(In)Security of the Kenyan Middle Classes: Social Mobility and the Fear of Falling
Funding: DFG - Deutsche Forschungsgemeinschaft
Project lead: Dr. Lena Kroeker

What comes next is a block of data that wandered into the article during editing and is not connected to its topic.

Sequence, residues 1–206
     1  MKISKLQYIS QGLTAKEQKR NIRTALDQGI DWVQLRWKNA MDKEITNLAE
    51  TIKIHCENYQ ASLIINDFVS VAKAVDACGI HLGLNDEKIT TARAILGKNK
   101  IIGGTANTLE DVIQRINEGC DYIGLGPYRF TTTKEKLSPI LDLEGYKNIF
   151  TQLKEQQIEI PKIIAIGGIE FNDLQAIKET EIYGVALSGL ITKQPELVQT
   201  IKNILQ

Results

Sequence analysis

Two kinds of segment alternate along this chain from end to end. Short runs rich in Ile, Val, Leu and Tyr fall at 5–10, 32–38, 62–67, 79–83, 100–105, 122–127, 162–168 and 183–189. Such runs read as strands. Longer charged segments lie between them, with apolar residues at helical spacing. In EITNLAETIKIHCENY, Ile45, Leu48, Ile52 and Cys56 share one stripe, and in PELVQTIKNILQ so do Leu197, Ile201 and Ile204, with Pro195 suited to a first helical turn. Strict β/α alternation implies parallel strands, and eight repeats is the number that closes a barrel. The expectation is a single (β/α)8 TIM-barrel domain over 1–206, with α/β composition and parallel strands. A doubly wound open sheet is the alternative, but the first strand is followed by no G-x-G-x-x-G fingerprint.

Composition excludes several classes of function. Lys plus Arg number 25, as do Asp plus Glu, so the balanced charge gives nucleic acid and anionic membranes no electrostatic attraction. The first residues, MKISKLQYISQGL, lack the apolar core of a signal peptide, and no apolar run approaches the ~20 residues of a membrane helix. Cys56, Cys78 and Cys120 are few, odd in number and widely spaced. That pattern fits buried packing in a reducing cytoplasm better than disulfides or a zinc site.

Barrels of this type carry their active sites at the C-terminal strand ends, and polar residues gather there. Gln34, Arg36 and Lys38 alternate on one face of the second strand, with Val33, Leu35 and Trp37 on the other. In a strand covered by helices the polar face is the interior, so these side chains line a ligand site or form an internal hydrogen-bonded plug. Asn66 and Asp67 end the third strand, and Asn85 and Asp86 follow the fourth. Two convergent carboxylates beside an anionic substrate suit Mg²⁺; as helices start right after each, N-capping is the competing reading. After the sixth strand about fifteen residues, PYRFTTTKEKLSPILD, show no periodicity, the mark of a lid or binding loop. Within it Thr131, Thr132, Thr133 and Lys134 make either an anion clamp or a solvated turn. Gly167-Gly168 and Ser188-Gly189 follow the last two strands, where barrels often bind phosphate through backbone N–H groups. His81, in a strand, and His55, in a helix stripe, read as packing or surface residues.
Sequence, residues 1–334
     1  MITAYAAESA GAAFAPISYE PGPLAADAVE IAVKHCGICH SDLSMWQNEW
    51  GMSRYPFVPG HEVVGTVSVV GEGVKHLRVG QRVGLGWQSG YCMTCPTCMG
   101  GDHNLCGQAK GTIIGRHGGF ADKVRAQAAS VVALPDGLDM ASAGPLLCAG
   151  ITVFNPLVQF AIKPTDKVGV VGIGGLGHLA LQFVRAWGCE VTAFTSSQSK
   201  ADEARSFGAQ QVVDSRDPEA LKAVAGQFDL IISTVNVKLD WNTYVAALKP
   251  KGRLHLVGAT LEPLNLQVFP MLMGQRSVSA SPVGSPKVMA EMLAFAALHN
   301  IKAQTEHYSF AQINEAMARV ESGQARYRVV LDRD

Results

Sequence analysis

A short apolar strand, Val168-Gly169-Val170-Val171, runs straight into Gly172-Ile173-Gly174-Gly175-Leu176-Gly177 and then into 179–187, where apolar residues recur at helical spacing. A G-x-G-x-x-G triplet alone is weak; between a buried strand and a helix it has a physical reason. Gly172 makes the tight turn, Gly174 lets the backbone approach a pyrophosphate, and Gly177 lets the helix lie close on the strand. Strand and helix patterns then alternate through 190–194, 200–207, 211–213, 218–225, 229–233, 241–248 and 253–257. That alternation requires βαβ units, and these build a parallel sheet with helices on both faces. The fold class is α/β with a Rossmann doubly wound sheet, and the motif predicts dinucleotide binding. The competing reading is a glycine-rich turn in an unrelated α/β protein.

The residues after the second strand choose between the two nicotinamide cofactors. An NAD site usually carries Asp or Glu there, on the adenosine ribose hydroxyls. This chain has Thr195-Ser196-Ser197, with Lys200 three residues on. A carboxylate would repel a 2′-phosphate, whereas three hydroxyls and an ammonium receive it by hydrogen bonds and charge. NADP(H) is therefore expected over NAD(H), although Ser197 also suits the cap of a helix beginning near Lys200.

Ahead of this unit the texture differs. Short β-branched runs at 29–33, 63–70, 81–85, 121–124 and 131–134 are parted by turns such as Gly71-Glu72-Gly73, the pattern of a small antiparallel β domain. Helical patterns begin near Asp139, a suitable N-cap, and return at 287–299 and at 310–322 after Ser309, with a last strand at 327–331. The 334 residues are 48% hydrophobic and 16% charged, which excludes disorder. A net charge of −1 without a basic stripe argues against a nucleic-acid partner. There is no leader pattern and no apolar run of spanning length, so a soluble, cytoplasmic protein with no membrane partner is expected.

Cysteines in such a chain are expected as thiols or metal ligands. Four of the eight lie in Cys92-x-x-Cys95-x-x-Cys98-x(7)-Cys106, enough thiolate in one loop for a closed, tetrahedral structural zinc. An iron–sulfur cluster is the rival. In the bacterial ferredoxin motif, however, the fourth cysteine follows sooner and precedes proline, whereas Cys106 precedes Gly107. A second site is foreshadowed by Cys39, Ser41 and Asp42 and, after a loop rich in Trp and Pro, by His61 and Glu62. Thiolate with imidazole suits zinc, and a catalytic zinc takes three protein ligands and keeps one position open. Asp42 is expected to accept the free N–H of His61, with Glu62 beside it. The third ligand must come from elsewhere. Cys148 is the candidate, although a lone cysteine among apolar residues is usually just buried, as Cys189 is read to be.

My anthropological project connects two debates namely the current debate about middle classes in Africa and the debate about social protection in the global South. So far, the debate about the African middle classes is concerned with their social rise, but lacks ethnographic detail on how the middle classes protect themselves against social descent. My project aims to close this gap and analyses how the middle classes try to sustain their advanced standard of living (Sen 1987) in the face of volatile economic and political circumstances of African life worlds. In many African countries, including my research region in Kenya, governmental systems of social protection are underfunded and often dysfunctional in practice. Although the Kenyan middle classes acquire entitlements (Sen 1981) to statutory support, such entitlements can hardly cushion against social and economic incisions and prevent social descent. I therefore hypothesize that the middle classes have to invest in and secure a combination of entitlements to statutory programs, communal support and private arrangements. I aim to explore those combinations in which Kenyan middle classes invest. Using biographic-narrative interviews, I elucide social mobility over the life course (1) and ask for combined social security arrangements (2). Furthermore, my project analyses (3) the various entitlements (Sen 1981) in which the middle classes invest to prevent social descent in the face of multiple risks.